24 And as he was saying these things in his defense, Festus said with a loud voice, “Paul, you are out of your mind; your great learning is driving you out of your mind.” 25 But Paul said, “I am not out of my mind, most excellent Festus, but I am speaking true and rational words. 26 For the king knows about these things, and to him I speak boldly. For I am persuaded that none of these things has escaped his notice, for this has not been done in a corner. 27 King Agrippa, do you believe the prophets? I know that you believe.” 28 And Agrippa said to Paul, “In a short time would you persuade me to be a Christian?” 29 And Paul said, “Whether short or long, I would to God that not only you but also all who hear me this day might become such as I am—except for these chains.”

30 Then the king rose, and the governor and Bernice and those who were sitting with them. 31 And when they had withdrawn, they said to one another, “This man is doing nothing to deserve death or imprisonment.” 32 And Agrippa said to Festus, “This man could have been set free if he had not appealed to Caesar.”

Matthew 11:1–9 ()

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11:1 When Jesus had finished instructing his twelve disciples, he went on from there to teach and preach in their cities.

Now when John heard in prison about the deeds of the Christ, he sent word by his disciples and said to him, “Are you the one who is to come, or shall we look for another?” And Jesus answered them, “Go and tell John what you hear and see: the blind receive their sight and the lame walk, lepers are cleansed and the deaf hear, and the dead are raised up, and the poor have good news preached to them. And blessed is the one who is not offended by me.”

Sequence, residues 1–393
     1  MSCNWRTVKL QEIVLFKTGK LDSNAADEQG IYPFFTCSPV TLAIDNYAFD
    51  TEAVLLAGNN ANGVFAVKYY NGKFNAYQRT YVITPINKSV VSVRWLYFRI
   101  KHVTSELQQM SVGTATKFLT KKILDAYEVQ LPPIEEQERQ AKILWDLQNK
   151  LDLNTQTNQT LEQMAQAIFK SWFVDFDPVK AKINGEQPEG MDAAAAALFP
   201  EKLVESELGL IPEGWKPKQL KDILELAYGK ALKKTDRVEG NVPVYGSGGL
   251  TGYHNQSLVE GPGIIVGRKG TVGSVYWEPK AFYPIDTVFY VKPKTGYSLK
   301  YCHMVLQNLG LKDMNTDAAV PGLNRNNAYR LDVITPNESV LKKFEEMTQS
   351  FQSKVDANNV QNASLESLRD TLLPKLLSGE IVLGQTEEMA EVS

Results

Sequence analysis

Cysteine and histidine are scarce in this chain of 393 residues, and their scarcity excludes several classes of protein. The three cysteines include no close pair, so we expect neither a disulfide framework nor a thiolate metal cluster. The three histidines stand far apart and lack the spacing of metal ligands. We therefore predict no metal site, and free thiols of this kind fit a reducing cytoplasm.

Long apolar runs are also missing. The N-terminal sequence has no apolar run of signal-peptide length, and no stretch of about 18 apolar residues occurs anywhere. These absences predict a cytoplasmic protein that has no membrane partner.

As they went away, Jesus began to speak to the crowds concerning John: “What did you go out into the wilderness to see? A reed shaken by the wind? What then did you go out to see? A man dressed in soft clothing? Behold, those who wear soft clothing are in kings' houses. What then did you go out to see? A prophet? Yes, I tell you, and more than a prophet.

Psalm 1 ()

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1:1   Blessed is the man
    who walks not in the counsel of the wicked,
  nor stands in the way of sinners,
    nor sits in the seat of scoffers;
  but his delight is in the law of the LORD,
    and on his law he meditates day and night.
  He is like a tree
    planted by streams of water
  that yields its fruit in its season,
    and its leaf does not wither.
  In all that he does, he prospers.
  The wicked are not so,
    but are like chaff that the wind drives away.
  Therefore the wicked will not stand in the judgment,
    nor sinners in the congregation of the righteous;
  for the LORD knows the way of the righteous,
    but the way of the wicked will perish.

Proverbs 16:10–15 ()

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10   An oracle is on the lips of a king;
    his mouth does not sin in judgment.
11   A just balance and scales are the LORD's;
    all the weights in the bag are his work.
12   It is an abomination to kings to do evil,
    for the throne is established by righteousness.
13   Righteous lips are the delight of a king,
    and he loves him who speaks what is right.
14   A king's wrath is a messenger of death,
    and a wise man will appease it.
15   In the light of a king's face there is life,
    and his favor is like the clouds that bring the spring rain.

Sat 20 July, 2019